The damage is done: Republicans plotting a Trump "intervention" are way too late

Panic has spread within the Republican Party, but the time to stop the Trump trainwreck was months ago

Published August 5, 2016 10:00AM (EDT)

Reince Priebus; Donald Trump; Paul Ryan   (AP/Susan Walsh/Evan Vucci/Cliff Owen)
Reince Priebus; Donald Trump; Paul Ryan (AP/Susan Walsh/Evan Vucci/Cliff Owen)

Republicans had a plan: warily endorse Trump while keeping a proper distance from his incendiary remarks. It was simple, really. This election wasn't about Trump so much as Clinton. If you convince voters that the republic can't survive another Clinton administration, supporting Trump becomes a kind of duty. He may be racist and temperamentally unfit, but he's not Hillary and that's enough.

Behind the scenes, GOP leaders probably convinced themselves that there wasn't a choice. Trump was wildly popular among the base, and he brought thousands of new voters into the party (a good deal of which are white nationalists, but their votes count all the same). Usurping Trump would alienate this new wing of the party, which would depress turnout in November and endanger down-ballot candidates. Such was the thinking of folks like House Speaker Paul Ryan and RNC Chair Reince Priebus, who, whether they like or not, are the faces of this strategy.

However logical, this was a short-term plan that prized immediate gains over long-term costs. It also underestimated the depths to which Trump would sink. As I wrote Wednesday, the Trump campaign is imploding in dramatic fashion, and doing permanent damage to the GOP brand. Thanks to a needless PR battle with the family of a slain soldier, Trump seems finally to have crossed a moral line – or at least a moral line that Republicans recognize.

Now the panic is setting in. NBC News reports that several Republicans close to Trump – including Rudy Giuliani, Newt Gingrich, and Priebus – are “plotting an intervention with the candidate.” To be fair, a source with ties to the Trump campaign told me there is “zero” truth to these reports. Nevertheless, the fact that once-supportive Republicans are publicly questioning Trump suggests the panic is real and growing.

There are also reports that GOP officials are entertaining scenarios in which Trump, for unstated reasons, drops out of the race. Jonathan Karl of ABC News writes that “senior party officials are so frustrated – and confused – by Donald Trump's erratic behavior that they are exploring how to replace him on the ballot if he drops out.” This is wish-thinking, however. The RNC cannot force Trump to quit. He would have to voluntarily exit and he would have to do so by early September in order to replace him on the ballot in most states.

Good luck with that.

Republicans have to face a frightful fact: They gambled on Trump's sanity and lost. They told themselves Trump's shtick was just that – a shtick. He's not really racist. He doesn't really want to ban Muslims. He doesn't really think we should kill the families of suspected terrorists. He plays a fascist on TV, but he's not really a fascist.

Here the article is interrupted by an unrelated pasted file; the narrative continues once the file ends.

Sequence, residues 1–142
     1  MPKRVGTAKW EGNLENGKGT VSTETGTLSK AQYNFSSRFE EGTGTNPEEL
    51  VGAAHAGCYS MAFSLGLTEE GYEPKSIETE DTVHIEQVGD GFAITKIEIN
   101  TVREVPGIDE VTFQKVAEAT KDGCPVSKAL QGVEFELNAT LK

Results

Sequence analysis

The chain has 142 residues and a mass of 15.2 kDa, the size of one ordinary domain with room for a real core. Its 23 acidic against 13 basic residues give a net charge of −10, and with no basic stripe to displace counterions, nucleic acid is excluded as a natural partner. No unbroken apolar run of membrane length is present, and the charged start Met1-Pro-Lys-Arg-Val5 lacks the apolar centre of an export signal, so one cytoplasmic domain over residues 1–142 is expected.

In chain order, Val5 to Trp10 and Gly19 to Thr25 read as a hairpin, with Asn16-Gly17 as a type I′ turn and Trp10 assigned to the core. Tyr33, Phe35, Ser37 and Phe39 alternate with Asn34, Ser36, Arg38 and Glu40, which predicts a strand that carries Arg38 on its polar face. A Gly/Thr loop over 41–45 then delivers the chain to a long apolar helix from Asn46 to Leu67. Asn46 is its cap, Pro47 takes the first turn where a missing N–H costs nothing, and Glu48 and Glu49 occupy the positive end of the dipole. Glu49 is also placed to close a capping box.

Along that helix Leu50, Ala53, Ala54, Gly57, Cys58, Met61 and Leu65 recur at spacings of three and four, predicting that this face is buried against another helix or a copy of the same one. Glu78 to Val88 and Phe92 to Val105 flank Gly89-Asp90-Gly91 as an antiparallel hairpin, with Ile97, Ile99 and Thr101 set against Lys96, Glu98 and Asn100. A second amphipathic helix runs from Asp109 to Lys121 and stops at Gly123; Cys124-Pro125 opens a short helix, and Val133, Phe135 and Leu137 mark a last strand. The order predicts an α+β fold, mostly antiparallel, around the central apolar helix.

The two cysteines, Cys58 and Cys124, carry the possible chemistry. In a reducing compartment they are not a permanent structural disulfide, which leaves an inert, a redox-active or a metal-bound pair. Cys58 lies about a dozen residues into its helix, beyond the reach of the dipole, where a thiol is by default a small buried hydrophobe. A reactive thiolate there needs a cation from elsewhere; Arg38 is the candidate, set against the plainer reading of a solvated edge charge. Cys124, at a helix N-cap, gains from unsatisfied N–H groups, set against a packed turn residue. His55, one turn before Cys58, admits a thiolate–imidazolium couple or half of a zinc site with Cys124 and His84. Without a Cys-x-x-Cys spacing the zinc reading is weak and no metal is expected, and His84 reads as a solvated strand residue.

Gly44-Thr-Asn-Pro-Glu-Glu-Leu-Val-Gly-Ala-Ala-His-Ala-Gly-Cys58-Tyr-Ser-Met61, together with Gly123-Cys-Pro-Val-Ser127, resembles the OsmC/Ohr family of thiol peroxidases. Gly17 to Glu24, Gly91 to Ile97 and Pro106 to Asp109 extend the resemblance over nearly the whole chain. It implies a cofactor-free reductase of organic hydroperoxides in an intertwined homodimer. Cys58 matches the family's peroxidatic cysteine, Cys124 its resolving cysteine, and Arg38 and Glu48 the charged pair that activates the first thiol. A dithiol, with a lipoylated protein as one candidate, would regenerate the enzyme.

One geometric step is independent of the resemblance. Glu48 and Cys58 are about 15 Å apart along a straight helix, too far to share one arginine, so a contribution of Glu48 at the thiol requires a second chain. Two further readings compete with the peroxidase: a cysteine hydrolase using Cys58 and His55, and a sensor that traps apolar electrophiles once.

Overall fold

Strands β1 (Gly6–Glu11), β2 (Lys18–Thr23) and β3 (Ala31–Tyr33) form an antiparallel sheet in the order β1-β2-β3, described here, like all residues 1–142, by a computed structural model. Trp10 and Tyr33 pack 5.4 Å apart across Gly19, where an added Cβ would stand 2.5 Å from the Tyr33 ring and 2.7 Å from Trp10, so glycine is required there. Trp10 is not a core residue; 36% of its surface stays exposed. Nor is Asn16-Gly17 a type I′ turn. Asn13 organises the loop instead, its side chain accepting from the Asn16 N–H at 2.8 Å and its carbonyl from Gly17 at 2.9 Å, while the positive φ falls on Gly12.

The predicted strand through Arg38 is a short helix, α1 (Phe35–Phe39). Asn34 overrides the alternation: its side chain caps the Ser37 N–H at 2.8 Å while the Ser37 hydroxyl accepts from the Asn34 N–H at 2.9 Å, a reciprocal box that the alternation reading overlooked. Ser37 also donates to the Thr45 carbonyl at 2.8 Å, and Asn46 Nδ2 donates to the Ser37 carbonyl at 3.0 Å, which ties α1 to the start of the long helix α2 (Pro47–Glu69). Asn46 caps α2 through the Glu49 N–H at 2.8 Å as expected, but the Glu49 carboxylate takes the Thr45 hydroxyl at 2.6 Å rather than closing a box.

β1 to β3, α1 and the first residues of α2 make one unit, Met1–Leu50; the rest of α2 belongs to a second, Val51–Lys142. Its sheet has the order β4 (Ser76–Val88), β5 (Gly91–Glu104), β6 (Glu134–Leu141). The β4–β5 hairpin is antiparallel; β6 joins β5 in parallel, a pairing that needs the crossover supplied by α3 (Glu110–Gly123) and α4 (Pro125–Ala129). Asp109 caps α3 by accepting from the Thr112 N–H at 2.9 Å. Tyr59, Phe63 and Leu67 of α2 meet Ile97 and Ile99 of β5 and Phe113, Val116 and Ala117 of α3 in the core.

I don't know what Trump actually believes, but this much is evident: He. Will. Not. Change. This ought to be obvious to everyone now. Still, though, a few Republicans are grasping for hope. One operative, quoted in a revealing Washington Post report, said “A new level of panic hit the street” after Trump's public slander of the Khan family and that “It's time for a serious reset.” Really? A reset? Here's what Trump said on Wednesday: “The campaign is doing well. It's never been so united. Right now it's the best in terms of being united since we began” Does that sound like a candidate on the verge of a reset?

How many times have we heard a “pivot” was imminent? It's not happening, and it was never going to happen. It was a self-serving delusion on the part of Republicans to believe otherwise. Worse still, it was an insult to voters who listened to Trump's racist bile month after month. Would it satisfy anyone to learn that Trump was just pretending to be a bigot all this time? A man who feigns bigotry for votes is arguably less respectable than an earnest bigot who believes the garbage he spews.

In any case, Trump's image can't be rehabilitated – it's too late for that. He's a lost cause and Republicans are stuck with him. I've argued Trump doesn't actually want to be president, but he needs to lose without appearing to quit in order to preserve his brand. He's already planted the idea that the election is rigged. When he's trounced in November, he'll cry corruption and his audience will believe it like they believe the rest of his fictions. It won't matter that he self-destructed, that he did everything possible to lose this election. He'll be the victim of a “system” his supporters don't understand but hate passionately.

And the pile of rubble in his wake will be the Republican Party.

By Sean Illing

Sean Illing is a USAF veteran who previously taught philosophy and politics at Loyola and LSU. He is currently Salon's politics writer. Follow him on Facebook and Twitter. Read his blog here. Email at

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Donald Trump Editor's Picks Elections 2016 Paul Ryan Reince Priebus Republican Party